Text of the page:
Source: Gaijin Pot
I’m not a spiritual person. As someone who grew up in America’s “Bible Belt”, I’ve always been put off by the idea of touring religion. Still, I was genuinely excited to explore the Kumano Kodo Pilgrimage Routes and sacred Koyasan (Mount Koya) in Wakayama Prefecture.
Wakayama is one of the most revered places in Japan. It’s a mountainous and forested region on the southernmost point of the Kii Peninsula in the Kansai region. Japan’s earliest text refers to it as the “land of the dead,” where the spirits would ascend after death.
Looking at its landscape—pristine coasts, winding rural roads overlooking vast forests, and rivers with transparent waters—you can see how it earned its reputation.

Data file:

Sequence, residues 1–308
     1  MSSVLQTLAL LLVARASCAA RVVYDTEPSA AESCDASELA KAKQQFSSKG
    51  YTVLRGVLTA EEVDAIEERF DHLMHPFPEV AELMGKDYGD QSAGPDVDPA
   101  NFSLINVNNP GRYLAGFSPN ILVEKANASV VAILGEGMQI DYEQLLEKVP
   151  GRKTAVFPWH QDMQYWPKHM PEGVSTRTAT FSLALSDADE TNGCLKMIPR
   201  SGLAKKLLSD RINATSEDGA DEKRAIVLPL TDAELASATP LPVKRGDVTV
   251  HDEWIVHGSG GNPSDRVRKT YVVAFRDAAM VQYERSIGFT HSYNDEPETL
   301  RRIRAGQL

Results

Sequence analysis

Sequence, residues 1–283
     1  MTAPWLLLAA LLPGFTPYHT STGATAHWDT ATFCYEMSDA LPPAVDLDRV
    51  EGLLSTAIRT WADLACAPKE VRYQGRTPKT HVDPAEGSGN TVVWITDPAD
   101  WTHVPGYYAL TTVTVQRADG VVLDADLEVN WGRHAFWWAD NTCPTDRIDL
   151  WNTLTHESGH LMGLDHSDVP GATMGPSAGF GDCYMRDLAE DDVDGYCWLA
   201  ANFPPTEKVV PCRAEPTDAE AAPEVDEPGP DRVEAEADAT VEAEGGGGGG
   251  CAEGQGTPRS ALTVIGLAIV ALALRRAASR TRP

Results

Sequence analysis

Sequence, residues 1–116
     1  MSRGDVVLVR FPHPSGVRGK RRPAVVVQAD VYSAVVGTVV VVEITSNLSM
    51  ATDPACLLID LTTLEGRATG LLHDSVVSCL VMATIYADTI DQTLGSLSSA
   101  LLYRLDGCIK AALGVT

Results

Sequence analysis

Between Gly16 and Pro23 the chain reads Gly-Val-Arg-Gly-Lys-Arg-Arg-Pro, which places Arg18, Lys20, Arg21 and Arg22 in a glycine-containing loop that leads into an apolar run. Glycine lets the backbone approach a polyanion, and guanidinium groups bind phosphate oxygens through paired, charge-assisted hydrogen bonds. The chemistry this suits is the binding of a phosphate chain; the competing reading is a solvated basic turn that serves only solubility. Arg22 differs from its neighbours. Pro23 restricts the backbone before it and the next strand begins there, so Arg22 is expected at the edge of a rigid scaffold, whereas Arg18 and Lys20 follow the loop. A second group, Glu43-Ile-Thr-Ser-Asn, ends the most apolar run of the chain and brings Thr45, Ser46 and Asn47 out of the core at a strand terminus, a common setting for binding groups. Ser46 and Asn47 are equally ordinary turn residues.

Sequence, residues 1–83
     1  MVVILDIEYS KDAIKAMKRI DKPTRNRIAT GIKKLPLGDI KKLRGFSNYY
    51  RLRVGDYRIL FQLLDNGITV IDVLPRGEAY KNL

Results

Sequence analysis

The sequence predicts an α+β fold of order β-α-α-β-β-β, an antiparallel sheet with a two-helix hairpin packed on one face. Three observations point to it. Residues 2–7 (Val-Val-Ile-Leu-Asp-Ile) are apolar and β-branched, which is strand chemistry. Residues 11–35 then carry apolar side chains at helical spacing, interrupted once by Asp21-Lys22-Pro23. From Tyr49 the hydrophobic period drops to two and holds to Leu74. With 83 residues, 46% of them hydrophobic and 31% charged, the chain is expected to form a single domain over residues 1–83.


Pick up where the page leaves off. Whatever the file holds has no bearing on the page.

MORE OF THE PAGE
The Kumano Kodo Pilgrimage Routes
During the Heian period, three grand shrines in Wakayama’s Kumano region were the most revered: Kumano Hayatama Taisha, Kumano Hongu Taisha, and Kumano Nachi Taisha. These shrines became known as the Kumano Sanzan, and routes were established to connect them from as far away as Kyoto.
People from all over Japan, regardless of their class—imperial and noble families, samurai and commoners—made the Kumano Kodo pilgrimage. They could purify their past at Hayatama Taisha, reflect on the present at Nachi Taisha, and pray for the future at Hongu Taisha.
While not as perilous as it used to be, the Kumano Kodo can be quite challenging. The four main routes vary in length and …continue reading